|Publication number||US5235603 A|
|Application number||US 07/618,143|
|Publication date||Aug 10, 1993|
|Filing date||Nov 26, 1990|
|Priority date||Nov 26, 1990|
|Also published as||EP0488050A2, EP0488050A3|
|Publication number||07618143, 618143, US 5235603 A, US 5235603A, US-A-5235603, US5235603 A, US5235603A|
|Inventors||John B. McNesby, David C. Crohn|
|Original Assignee||Siemens Aktiengesellschaft|
|Export Citation||BiBTeX, EndNote, RefMan|
|Patent Citations (6), Referenced by (2), Classifications (7), Legal Events (4)|
|External Links: USPTO, USPTO Assignment, Espacenet|
This invention relates to digital communications systems wherein multiple data lines are coupled to various circuit modules and, more particularly, to an arrangement for determining the presence or absence of signals on each data line.
The communications industry requires reliable operation over long periods of time and to this end, reliable self diagnostic equipment or circuits are required to monitor the validity of data entering and leaving functional blocks. Circuits and systems are known for determining the presence or absence of data on transmission lines. However, such known circuits utilize large numbers of circuit modules and the resulting systems are undesirably complex and expensive.
Accordingly, it is a primary object of this invention to provide an improved system and circuit for determining the presence or absence of data on transmission lines.
Another object of this invention is to provide an improved system for sensing data on transmission lines with an economy in the number of circuit elements and power required in the system.
The foregoing, and additional, objects are attained in accordance with the principles of this invention by providing a relatively simple and efficient system and circuitry, operating in parallel mode, for detecting loss of activity on eight or sixteen input data lines in circuit modules. The system of the invention receives data on eight or sixteen lines in parallel and if data is missing from any line, a predetermined logic level appears at the output of a combination of gates and flip-flops.
The foregoing will be more readily apparent upon reading the following description in conjunction with the drawing in which the single figure is a schematic representation of a system embodying the invention.
The present invention is usable in a relatively new communication system having a transmission standard known as Synchronous Optical Network (SONET), which is derived from a particular base rate and a format, combined with a multiplexing scheme. This results in a modular family of rates and formats available for use in optical interfaces. The base rate is known as the Synchronous Transport Signal level 1 (STS-1). Each STS-1 frame is a serial bit stream of 810 bytes, with each byte including eight bits. The STS-1 framing is dedicated to the first two bytes of each STS-1 frame. The framing pattern for bytes A1 and A2 is F628 Hex (1111011000101000), where A1 equals F6 Hex (11110110) and A2 equals 28 Hex (00101000). Higher rates (STS-N) in SONET are accomplished by byte interleave multiplexing an N number of STS-1 frames. The framing pattern for an STS-3 frame in an Optical Carrier level 3 (OC-3) system is then A1A1A1A2A2A2. Similarly, the framing pattern for an STS-12 frame in an OC-12 system is twelve A1 bytes followed by twelve A2 bytes.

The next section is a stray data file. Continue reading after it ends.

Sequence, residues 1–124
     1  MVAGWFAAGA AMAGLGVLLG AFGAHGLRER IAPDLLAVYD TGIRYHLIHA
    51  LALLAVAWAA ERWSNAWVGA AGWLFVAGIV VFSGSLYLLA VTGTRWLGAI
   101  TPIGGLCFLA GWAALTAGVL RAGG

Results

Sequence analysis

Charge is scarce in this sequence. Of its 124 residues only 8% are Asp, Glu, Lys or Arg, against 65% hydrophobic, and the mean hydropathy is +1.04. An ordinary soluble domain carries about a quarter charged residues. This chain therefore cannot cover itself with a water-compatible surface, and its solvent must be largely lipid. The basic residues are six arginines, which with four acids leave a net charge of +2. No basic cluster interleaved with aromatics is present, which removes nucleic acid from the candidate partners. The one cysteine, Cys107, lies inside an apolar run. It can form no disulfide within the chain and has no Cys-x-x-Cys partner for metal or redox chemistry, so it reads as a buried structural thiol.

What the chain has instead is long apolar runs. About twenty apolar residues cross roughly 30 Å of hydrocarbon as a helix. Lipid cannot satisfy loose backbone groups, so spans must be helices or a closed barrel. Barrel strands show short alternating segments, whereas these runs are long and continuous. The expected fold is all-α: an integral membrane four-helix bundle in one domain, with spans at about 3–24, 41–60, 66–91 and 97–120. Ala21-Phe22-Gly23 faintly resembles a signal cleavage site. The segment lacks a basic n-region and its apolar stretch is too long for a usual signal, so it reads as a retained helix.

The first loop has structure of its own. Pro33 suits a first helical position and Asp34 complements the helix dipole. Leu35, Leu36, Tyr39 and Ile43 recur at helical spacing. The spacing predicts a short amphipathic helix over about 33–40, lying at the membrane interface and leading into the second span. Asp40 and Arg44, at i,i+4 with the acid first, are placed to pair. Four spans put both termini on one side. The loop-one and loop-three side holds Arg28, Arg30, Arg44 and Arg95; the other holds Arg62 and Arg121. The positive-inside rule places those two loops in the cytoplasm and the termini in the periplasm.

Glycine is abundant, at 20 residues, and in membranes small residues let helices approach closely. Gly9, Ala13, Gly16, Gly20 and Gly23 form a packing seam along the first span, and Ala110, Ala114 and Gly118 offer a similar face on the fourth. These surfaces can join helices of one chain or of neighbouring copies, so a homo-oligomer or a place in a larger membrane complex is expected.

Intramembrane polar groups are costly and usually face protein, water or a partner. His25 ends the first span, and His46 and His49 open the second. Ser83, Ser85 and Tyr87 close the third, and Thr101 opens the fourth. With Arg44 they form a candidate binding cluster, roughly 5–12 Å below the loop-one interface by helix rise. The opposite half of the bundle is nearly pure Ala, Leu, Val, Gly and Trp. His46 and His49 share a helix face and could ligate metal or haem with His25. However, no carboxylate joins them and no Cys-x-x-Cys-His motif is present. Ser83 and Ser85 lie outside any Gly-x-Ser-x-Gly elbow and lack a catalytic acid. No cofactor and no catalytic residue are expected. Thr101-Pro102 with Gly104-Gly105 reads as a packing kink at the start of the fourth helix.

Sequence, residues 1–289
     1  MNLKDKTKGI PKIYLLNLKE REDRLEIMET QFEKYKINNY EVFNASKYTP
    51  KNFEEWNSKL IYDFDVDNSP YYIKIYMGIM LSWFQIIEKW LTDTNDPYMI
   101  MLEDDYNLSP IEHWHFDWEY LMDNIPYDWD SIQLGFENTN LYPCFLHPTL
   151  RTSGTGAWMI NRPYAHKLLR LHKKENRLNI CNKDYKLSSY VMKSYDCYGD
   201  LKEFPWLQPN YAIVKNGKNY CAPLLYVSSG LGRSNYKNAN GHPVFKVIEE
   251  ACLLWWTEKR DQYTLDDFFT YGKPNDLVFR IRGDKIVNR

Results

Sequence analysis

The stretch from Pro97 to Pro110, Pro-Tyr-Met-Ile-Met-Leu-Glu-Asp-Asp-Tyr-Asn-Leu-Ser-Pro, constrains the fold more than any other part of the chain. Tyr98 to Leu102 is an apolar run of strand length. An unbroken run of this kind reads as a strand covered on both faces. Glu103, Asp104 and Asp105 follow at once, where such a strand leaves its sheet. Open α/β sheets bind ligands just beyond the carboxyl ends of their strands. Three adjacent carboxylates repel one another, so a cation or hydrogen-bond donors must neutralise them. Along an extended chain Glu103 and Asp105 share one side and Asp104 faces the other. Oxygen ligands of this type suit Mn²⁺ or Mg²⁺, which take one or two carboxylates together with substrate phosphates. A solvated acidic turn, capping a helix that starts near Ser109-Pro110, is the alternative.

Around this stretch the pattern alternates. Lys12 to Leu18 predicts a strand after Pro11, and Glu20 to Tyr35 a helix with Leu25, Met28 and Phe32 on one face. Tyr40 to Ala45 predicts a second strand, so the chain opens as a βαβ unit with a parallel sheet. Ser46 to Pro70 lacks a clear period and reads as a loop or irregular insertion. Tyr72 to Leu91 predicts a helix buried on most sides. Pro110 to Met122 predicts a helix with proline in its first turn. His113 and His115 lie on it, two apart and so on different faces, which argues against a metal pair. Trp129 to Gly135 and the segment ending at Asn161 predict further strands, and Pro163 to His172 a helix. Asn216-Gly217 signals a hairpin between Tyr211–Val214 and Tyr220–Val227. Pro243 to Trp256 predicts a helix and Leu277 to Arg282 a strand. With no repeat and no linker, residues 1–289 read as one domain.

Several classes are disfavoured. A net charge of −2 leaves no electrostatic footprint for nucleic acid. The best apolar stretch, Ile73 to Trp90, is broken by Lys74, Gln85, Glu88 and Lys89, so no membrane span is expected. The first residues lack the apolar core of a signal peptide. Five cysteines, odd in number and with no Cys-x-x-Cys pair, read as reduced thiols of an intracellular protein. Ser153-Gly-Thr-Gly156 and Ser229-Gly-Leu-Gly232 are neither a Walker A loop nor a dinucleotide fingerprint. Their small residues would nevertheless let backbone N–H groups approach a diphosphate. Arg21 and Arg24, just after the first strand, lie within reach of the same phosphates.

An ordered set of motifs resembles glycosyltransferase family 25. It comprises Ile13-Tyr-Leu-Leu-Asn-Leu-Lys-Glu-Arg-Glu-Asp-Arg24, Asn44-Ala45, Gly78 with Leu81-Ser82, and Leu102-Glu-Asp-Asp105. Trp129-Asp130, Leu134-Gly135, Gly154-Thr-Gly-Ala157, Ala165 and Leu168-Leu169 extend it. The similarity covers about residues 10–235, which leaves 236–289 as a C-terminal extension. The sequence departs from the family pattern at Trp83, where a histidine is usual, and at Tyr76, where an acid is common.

Referring now to the drawing, the system 100 shown therein is designed in accordance with the principles of this invention to operate in both SONET OC-3 and OC-12 systems although it is applicable to any eight or sixteen or other multi-bit data bus system. The system 100 includes a series of sixteen flip-flops, 1 through 16, to the clock input of each of which a respective input data line is coupled. Data line 110 is coupled through a register 130 to bus 132, from which eight individual leads 140 through 147 run separately to the clock inputs of flip-flops 1 through 8. Data line 120 is coupled through register 122 to bus 124, from which eight data lines 150 through 157 run separately to the clock inputs of flip-flops 9 through 16. The output leads from each of the Q terminals of flip-flops 1 through 8 are coupled to the inputs of NAND gate 160. The output leads from each of the Q terminals of flip-flops 9 through 16 are coupled to the inputs of NAND gate 162.
A lead 164 (TSTBBDA), used to apply a strobe signal periodically to the system 100, is coupled to the reset terminal of each of the flip-flops 1 through 16.
The output of NAND gate 160 is coupled to one input of an OR gate 166. The output of NAND gate 162 is coupled to one input of an AND gate 168, the second input of which is a lead 170 called MODE which selects eight line or sixteen line operation. The output of AND gate 168 is also coupled to OR gate 166. The output of OR gate 166 is connected to the "D" input of flip-flop 17 and to one input of a NAND gate 172, the second input of which comes from the Q output of flip-flop 17. A lead 174 (BIDRST), a source of a power-up reset signal, is coupled to the clock input of flip-flop 17 and to the reset terminal of a flip-flop 18. The output of NAND gate 172 is also coupled to flip-flop 18 and the Q output of flip-flop 18 is lead 180 (LOABDDA).